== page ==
Rocket launches cost airlines money and travelers precious time

Thom Patterson, CNNUpdated 18th July 2018
(CNN) — When temporary no-fly zones appear above US rocket launch sites, airlines end up paying huge fuel costs to fly around them, while passengers have to spend more of their precious time in the air.
In fact, a new study by Embry-Riddle Aeronautical University calculates that all the extra fuel required to avoid restricted airspace during rocket launches costs airlines cumulatively between $10,000 and $30,000 per liftoff.
One launch can create a ripple affecting thousands of airline passengers. Last February's SpaceX launch of its Falcon Heavy rocket delayed 563 airline flights resulting in 62 extra miles added to flights across the southeastern United States, according to a report by the Air Line Pilots Association. Each flight was delayed an average of eight minutes.
All this "results in planes sitting on the ground, longer routes, more fuel burn and longer flying times for passengers," said a written statement by A4A, an industry group that represents most major US airlines.
But the issue points to a larger problem: America's national airspace -- shared by the fast-growing aviation and commercial space industries -- has been getting more complicated as more airliners and rockets take flight. That trend is expected to continue.

More air passengers, more spaceports

By 2036, airline passenger traffic is expected to nearly double to 7.8 billion worldwide -- and grow to 1.1 billion in the US, according to the International Air Transport Association. At the same time, US commercial spaceports are emerging in New Mexico, Alaska, California, Florida, Virginia, Texas and Oklahoma. (On Monday, the UK announced its first commercial spaceport, which will be built in Sutherland, Scotland.)
The FAA and the Commercial Space Transportation Advisory Committee are projecting an average of 42.3 annual commercial rocket launches worldwide through 2027. Last year there were 29 orbital launches in the US.
Meanwhile the cost of keeping safe distances between rockets and airplanes threatens to grow.
Nine years from now, each lift-off could cost airlines as much as $200,000, if nothing is done to better coordinate airplanes around launch sites. By 2037, that amount could grow to $300,000 per launch.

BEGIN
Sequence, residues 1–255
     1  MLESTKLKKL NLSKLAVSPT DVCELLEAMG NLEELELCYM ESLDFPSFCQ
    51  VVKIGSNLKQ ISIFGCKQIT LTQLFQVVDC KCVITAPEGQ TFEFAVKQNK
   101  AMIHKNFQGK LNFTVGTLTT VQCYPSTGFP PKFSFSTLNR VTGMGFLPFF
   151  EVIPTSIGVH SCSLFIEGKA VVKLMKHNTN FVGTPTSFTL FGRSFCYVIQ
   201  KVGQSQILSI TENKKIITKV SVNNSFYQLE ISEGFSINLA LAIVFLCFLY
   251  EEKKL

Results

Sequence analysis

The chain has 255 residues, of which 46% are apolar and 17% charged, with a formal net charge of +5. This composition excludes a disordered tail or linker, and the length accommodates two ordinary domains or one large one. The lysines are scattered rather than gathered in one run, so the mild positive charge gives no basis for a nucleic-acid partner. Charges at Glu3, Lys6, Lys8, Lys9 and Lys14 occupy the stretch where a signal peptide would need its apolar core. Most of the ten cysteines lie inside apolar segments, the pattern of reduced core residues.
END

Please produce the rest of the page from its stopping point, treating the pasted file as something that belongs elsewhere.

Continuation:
"Those number are huge," said Dr. Janet Tinoco, co-author of the Embry-Riddle study, believed to be the first to measure the cost of rocket launch zones on the airline industry. The figures are based on the projected growth of both Florida's space industry and airline traffic.
A4A said it has urged the Federal Aviation Administration (FAA) to consider resulting operational delays and financial impacts when licensing new spaceports.

Passengers

Typically, passengers don't necessarily realize their flight has been impacted by a rocket launch, Tinoco said. The FAA warns airlines weeks if not months in advance to give them time to re-route flight paths.
A re-routed flight may leave the gate on time — but a flight could last perhaps 30 minutes longer than usual, depending on the changed route.
"If for some reason the costs did start to rise for airlines, of course it would be up to the airlines whether they wanted to eat those costs, or pass it on to consumers," said aerospace engineer Rodrigo Firmo, who helped conduct the Embry-Riddle study. "But that's a business decision for the airlines."

A better way to get out of the way

This might be a good time to mention an obviously important detail at the heart of the entire matter: You can't steer a rocket. Once it's launched, pretty much all you can do is get out of the way.
"They launch and they're off," laughed Tinoco. "It's not like you can command a rocket to veer left to a different altitude."
So, is there a better way for airlines to get out of the way? The FAA has been testing new technology that may help.
A tool the FAA calls Space Data Integrator -- or SDI -- would provide an interface between the airlines and the space industry.
SDI is designed to feed real-time data about a rocket's trajectory and mission into the FAA's air traffic systems. That data would be accessible in real time by air traffic controllers. Ideally, everyone would know where the spacecraft is supposed to go, Tinoco said.
Making this kind of timely rocket-tracking data available to air traffic controllers might allow the FAA to safely shrink the sizes of their no-fly zones near launch facilities, helping to save airlines money and passengers time.
"And it could also help us to release blocked airspace more quickly so it's available to the other users of the system," then-FAA Administrator Michael Huerta told a space conference last year.
The FAA has been given a February 2019 deadline to come up with new commercial space regulations, which could include SDI.
Further in the future, some experts have envisioned dynamic no-fly zones that move in concert with a rocket -- instead of blocking off huge areas of airspace around a launch pad.
Using real time data, an area of restricted airspace for each launch could be limited to a 5-mile sphere around a rocket as it moves through the airspace, Tinoco said.
For right now, industry leaders say the space and air traffic communities recognize the importance of solving these challenges.
"These are solvable problems," said Tinoco. "And we're getting there."